My Stretch of Texas Ground, the story of a brave sheriff who must defend his small town from terrorist threat, finds itself in a precarious position. The title reeks of imperialism and sounds like an alt-right, Christian propaganda film, but if you take the time to watch, you’ll find it has a very humanistic and heartening moral centre. While there’s merit in trying to subvert expectations, the film faces the difficult bind of pissing off conservative audiences who feel “tricked” into watching a liberal-leaning film, and alienating liberal audiences who are fearful of its title. Mostly, My Stretch of Texas Ground is a victim of poor timing; the last thing we need right now is a story promoting the heroism of a white male cop.
Nevertheless, My Stretch of Texas Ground delivers a poignant message about America’s senseless Forever War. For decades, we have unfairly slaughtered the innocent and countless little children who have done nothing to deserve death. Often these sentiments are presented in very stilted dialogue that sounds like quotes from a newspaper article rather than something organically spoken. Nevertheless, it comes from a place of compassion.
The story follows a “radical Islamic terrorist” named Abdul Latif Hassan (Junes Zahdi), who infiltrates a tiny Texas town by sneaking across the Mexican border to assassinate a visiting war-mongering Senator. Along his journey to the Lone Star state, he poses as various people: a Mexican immigrant, North Carolina reporter, rugged Texan. Zahdi’s charismatic flair brings out his character’s swift chameleonic abilities. His emotional monologue at the end of the film revealing all of the atrocities he has witnessed during the war is truly moving.
Abdul invades the “stretch of Texas ground” kept under watch by good ol’ boy, ex-football player-turned Sheriff named Joe (Jeff Weber), the patriarch of a picturesque family: a blonde, ex-cheerleader wife, son, and daughter. But there’s a twist to his All-American persona; he is not as conservatively xenophobic as his friends are. Joe has an even-handed perception of others and a non-judgemental attitude; he does not support the war or assume that all foreigners are evil. It is this pragmatism that puts him in a risky spot when the terrorist plot to kill the Senator unfolds, resulting in an emotional finale between him and Abdul. Weber brings an equal sense of firmness and Southern charm to the role that keeps you fully invested in Joe’s conflict between his beliefs and duties to hearth and home.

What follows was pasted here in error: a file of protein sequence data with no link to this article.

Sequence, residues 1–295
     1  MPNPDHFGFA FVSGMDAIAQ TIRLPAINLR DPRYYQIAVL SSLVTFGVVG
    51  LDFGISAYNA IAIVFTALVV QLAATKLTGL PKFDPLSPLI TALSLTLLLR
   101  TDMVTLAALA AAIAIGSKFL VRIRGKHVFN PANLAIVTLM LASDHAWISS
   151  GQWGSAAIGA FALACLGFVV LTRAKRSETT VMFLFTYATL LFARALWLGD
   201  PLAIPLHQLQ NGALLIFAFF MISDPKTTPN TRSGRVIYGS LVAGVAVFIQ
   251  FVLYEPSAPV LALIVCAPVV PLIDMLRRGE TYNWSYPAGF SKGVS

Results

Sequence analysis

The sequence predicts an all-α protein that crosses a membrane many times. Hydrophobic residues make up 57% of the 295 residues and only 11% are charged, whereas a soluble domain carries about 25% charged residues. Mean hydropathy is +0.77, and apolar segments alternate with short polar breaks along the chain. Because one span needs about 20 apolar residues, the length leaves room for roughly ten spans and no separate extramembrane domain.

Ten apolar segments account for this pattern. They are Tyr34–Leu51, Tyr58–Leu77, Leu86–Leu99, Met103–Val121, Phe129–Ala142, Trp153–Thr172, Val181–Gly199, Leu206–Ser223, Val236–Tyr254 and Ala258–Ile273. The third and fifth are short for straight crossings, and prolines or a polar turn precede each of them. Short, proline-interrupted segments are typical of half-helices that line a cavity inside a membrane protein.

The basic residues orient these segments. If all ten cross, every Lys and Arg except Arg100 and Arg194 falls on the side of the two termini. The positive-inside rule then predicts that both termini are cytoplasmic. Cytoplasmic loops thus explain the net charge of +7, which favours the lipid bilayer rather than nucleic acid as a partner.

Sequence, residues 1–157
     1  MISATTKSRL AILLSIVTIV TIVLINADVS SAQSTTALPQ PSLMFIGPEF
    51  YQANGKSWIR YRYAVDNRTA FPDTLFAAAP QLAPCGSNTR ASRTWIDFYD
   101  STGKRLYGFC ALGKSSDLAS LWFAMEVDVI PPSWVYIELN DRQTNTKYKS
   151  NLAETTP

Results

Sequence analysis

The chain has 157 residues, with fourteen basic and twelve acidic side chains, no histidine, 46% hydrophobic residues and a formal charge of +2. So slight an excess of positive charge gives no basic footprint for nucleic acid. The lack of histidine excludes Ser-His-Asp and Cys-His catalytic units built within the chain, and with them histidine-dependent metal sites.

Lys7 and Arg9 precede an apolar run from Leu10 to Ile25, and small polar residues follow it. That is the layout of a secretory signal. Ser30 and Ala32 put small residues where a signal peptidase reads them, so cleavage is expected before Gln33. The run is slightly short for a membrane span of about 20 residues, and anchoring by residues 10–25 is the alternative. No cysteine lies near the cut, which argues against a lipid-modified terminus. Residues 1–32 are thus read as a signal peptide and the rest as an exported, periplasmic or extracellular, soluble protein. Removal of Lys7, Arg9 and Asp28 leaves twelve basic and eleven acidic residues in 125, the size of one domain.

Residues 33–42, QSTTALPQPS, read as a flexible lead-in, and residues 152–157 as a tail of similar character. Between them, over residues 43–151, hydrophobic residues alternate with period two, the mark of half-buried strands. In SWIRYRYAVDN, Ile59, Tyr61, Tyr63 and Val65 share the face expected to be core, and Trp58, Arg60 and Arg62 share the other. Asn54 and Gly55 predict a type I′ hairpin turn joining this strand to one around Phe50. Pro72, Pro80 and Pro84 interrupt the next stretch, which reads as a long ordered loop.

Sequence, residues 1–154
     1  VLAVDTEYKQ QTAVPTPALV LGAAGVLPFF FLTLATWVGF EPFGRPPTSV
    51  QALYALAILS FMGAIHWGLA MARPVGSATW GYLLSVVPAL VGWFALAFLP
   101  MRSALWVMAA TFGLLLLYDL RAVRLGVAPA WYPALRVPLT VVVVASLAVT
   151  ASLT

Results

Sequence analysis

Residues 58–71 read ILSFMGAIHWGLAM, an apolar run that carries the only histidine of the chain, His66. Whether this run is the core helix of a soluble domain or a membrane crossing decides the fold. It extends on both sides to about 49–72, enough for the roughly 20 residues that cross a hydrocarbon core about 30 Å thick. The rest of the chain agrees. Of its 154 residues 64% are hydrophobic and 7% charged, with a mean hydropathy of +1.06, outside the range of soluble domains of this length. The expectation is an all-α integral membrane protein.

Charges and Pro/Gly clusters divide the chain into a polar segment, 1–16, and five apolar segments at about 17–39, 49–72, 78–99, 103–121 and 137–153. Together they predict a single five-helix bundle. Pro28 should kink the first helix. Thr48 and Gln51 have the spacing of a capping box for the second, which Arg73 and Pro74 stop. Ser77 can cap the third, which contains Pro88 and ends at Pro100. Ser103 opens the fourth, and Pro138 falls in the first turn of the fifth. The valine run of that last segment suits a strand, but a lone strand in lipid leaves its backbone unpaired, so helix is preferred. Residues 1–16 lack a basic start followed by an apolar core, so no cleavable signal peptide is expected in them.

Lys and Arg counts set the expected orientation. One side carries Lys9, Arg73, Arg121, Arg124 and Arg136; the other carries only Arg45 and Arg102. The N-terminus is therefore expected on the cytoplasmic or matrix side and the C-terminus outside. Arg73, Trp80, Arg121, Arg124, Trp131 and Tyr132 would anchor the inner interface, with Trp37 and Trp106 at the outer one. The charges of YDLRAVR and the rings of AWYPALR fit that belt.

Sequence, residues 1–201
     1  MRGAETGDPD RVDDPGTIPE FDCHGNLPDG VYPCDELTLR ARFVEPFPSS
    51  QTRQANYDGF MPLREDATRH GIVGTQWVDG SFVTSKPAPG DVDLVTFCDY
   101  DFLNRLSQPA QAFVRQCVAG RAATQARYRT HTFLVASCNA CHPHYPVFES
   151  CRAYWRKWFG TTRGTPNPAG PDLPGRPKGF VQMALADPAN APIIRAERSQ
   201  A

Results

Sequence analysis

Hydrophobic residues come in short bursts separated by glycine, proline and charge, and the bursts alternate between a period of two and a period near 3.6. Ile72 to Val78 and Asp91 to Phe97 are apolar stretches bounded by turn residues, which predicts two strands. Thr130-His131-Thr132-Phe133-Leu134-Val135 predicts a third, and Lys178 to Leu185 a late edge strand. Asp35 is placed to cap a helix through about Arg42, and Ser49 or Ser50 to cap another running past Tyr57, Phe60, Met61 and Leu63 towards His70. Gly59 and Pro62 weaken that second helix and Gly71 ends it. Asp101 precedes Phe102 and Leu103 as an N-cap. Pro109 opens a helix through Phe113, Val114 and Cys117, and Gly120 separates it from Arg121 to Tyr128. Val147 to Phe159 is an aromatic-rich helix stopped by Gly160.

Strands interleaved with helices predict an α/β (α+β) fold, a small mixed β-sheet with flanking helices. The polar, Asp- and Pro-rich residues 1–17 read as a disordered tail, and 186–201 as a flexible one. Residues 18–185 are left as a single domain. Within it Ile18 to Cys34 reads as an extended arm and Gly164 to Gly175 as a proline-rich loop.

There are obvious low-budget constraints seen in the flat lighting and mediocre transitions, but that does not take away from director Erich Kemp and writer Ralph Cinque’s intriguing premise. There’s an exciting tension to Abdul’s well-paced story line that builds to a thrilling climax. His covert mission ends up being more about enlightenment than violence. My Stretch of Texas Ground has a lot of heart. The film could have easily been crassly nationalistic, so it’s refreshing that Kemp and Cinque use their film’s conservative setting and characters to have a hard and thoughtful conversation about racism and the consequences of war, even if the execution is middling.
My Stretch of Texas Ground is available now on Amazon Prime
by Caroline Madden
Caroline is the author of Springsteen as Soundtrack. Her favourite films include Dog Day Afternoon, Baby It’s You, Inside Llewyn Davis, and The Lord of the Rings. She is the Editor in Chief of Video Librarian. She has an MA degree in Cinema Studies from SCAD. You can follow her on Twitter @crolinss.